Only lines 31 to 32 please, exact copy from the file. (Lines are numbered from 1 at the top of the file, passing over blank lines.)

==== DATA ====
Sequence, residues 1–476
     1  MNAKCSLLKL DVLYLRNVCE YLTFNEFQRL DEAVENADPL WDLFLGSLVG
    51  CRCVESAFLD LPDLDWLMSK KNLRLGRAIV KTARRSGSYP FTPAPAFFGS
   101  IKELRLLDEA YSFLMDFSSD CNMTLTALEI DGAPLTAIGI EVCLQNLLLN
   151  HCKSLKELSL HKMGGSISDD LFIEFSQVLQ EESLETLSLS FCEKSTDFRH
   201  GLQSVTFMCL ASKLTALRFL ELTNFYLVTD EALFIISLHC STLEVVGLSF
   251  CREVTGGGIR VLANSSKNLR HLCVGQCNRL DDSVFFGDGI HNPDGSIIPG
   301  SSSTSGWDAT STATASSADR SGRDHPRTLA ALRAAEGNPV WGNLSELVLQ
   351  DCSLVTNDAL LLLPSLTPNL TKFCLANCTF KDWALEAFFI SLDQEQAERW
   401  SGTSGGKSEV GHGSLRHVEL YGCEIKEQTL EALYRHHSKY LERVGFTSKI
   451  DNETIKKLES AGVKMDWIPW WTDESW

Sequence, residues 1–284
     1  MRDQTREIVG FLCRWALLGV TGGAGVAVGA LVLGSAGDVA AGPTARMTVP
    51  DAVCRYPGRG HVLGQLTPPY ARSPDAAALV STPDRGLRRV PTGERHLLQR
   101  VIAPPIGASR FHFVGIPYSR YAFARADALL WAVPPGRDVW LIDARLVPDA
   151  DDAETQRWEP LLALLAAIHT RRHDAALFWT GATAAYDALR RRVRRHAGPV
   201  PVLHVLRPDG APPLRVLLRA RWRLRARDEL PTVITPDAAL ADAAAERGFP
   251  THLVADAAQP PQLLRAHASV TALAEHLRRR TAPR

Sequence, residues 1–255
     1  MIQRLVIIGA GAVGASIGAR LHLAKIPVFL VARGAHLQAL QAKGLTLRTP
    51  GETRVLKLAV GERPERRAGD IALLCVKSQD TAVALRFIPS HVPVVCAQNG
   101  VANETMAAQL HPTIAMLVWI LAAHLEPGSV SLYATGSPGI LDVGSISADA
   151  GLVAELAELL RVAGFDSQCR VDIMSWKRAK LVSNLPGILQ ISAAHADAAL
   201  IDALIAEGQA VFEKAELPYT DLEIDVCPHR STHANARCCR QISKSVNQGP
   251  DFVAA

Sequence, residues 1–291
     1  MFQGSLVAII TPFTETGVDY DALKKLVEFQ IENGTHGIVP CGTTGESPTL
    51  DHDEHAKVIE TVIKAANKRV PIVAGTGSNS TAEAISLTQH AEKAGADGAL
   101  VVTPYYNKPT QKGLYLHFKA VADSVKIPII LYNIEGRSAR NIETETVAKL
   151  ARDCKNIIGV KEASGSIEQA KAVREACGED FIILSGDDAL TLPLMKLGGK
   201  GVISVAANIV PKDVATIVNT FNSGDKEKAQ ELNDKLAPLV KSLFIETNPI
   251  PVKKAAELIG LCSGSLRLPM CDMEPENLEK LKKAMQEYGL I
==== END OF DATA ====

   201  GVISVAANIV PKDVATIVNT FNSGDKEKAQ ELNDKLAPLV KSLFIETNPI
   251  PVKKAAELIG LCSGSLRLPM CDMEPENLEK LKKAMQEYGL I